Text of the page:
Clays, U. Clays, or I. Clays? [Archive] - Glock Talk

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ColCol
08-10-2010, 17:16
I don't think Hodgdon could have made it more confusing. I read about guys favoring "Clays" for the .45 and since I've never used it, I decided to go to my trusty #9 Speer manual and compare to the #14 manual. The #9 doesn't list any sort of Clays for any weight bullet. Matter of fact, they don't even have data for the 185 gr JHP or 230 FMJ. So, I checked in the #14 manual and the only "Clays" listed is U.Clays which I assume to be Universal Clays.

Hodgdon's website shows three different powders with the name "Clays" in it. Clays, Universal Clays and International Clays although only two that they really specify for the .45 is either Clays or Universal Clays.

I'm about clayed out from writing this!! So, when I see Clays recommended for the 45ACP-which is which?

RustyFN
08-10-2010, 17:26
Wow I only thought there were two Clays. Never used any but if you are looking for a accurate very clean powder for 45 then WST is hard to beat.

tjpet
08-10-2010, 17:45
This is pretty simple.

There's three powders in the Clays family:

Clays
Universal Clays
International Clays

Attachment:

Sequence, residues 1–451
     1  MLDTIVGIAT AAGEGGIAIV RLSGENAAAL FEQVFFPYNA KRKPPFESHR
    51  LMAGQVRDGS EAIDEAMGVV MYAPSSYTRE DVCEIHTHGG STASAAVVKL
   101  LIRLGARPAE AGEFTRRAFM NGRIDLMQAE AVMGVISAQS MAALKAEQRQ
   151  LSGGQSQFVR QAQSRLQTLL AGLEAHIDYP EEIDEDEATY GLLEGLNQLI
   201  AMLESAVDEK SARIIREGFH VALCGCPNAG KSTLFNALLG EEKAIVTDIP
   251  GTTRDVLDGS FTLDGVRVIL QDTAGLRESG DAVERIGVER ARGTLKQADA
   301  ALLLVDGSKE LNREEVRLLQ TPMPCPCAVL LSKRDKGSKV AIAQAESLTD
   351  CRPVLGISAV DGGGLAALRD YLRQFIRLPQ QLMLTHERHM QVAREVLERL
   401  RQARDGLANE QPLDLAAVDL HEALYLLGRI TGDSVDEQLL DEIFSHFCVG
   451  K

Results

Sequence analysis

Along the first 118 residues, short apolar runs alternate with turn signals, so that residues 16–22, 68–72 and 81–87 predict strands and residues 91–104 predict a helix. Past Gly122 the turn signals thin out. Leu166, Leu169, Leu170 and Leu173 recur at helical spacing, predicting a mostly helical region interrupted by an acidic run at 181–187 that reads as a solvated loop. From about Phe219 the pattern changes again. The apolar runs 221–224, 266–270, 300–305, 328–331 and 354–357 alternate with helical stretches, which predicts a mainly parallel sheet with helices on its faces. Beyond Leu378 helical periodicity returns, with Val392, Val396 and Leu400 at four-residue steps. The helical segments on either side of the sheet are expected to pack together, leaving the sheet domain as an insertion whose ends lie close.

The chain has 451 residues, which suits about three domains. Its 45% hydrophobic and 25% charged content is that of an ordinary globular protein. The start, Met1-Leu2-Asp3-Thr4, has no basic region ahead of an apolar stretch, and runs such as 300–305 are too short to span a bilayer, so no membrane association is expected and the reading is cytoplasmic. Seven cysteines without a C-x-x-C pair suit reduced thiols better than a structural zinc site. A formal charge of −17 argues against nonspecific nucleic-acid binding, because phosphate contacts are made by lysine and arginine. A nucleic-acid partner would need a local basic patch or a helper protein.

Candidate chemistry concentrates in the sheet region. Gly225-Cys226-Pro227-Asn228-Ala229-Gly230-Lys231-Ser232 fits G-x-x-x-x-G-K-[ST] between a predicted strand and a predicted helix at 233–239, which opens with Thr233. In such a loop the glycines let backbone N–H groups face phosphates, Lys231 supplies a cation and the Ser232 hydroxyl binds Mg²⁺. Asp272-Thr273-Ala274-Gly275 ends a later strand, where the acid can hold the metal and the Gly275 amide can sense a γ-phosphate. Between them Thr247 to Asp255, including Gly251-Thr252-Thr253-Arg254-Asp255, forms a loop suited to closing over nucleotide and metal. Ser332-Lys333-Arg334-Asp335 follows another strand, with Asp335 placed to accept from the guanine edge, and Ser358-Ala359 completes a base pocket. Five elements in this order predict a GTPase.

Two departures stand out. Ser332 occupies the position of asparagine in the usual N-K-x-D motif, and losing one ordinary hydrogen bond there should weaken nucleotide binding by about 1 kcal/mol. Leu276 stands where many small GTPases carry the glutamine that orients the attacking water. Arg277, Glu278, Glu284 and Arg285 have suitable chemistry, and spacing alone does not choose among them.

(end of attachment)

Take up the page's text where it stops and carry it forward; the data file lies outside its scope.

If your data calls for Clays it's the first one, otherwise it would say Universal Clays or International Clays. To me, and I'm no genius, it's a simple system. I don't understand how people get confused.

unclebob
08-10-2010, 17:53
If you really want too get technical there is also a Clay Dot. Made by Aliant.
Like it wasn't confusing enough.

GioaJack
08-10-2010, 18:06
Clays and Universal Clays have many pistol applications. International Clays is one of the finest 20 gauge powders out there but I'm not aware of any pistol application.

I regularly load 3.9 grains of Clays over a 200 grain SWC for one of my .45 loads. Have almost 14 pounds of it so I might as well use it up. It's also a great 12 gauge powder for skeet and trap loads.


Jack

ColCol
08-10-2010, 18:34
This is pretty simple.

There's three powders in the Clays family:

Clays
Universal Clays
International Clays

If your data calls for Clays it's the first one, otherwise it would say Universal Clays or International Clays. To me, and I'm no genius, it's a simple system. I don't understand how people get confused.

I know there's three powders in the family I just listed them. Speer's #14 list no clays at all nor does their #9 manual. They list "H.Universal" in the #14 which as I said, is an assumption for Universal clays-not plain "Clays". A fairly new manual like their #14 would list Clays if they deemed it good for the .45 and that was hence, my question about those who had recommended it.

I suppose one could use either the Clays or Universal Clays but not the International version. Maybe I'll just try the HS-6 as that's one I haven't used and seems to give the higher velocities in JHP's. I'm just trying to see what I need to look for at the gun show this weekend as I need something besides Unique and AA#5 to play around with.

tjpet
08-10-2010, 19:06